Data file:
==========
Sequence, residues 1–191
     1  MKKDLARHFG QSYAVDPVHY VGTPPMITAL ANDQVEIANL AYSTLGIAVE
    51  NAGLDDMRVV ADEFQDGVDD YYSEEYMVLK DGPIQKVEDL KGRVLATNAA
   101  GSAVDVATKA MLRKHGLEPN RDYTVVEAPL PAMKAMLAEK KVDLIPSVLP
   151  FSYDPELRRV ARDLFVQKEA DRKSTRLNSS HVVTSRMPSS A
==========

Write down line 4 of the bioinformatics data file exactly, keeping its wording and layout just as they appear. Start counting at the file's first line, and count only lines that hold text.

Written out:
   101  GSAVDVATKA MLRKHGLEPN RDYTVVEAPL PAMKAMLAEK KVDLIPSVLP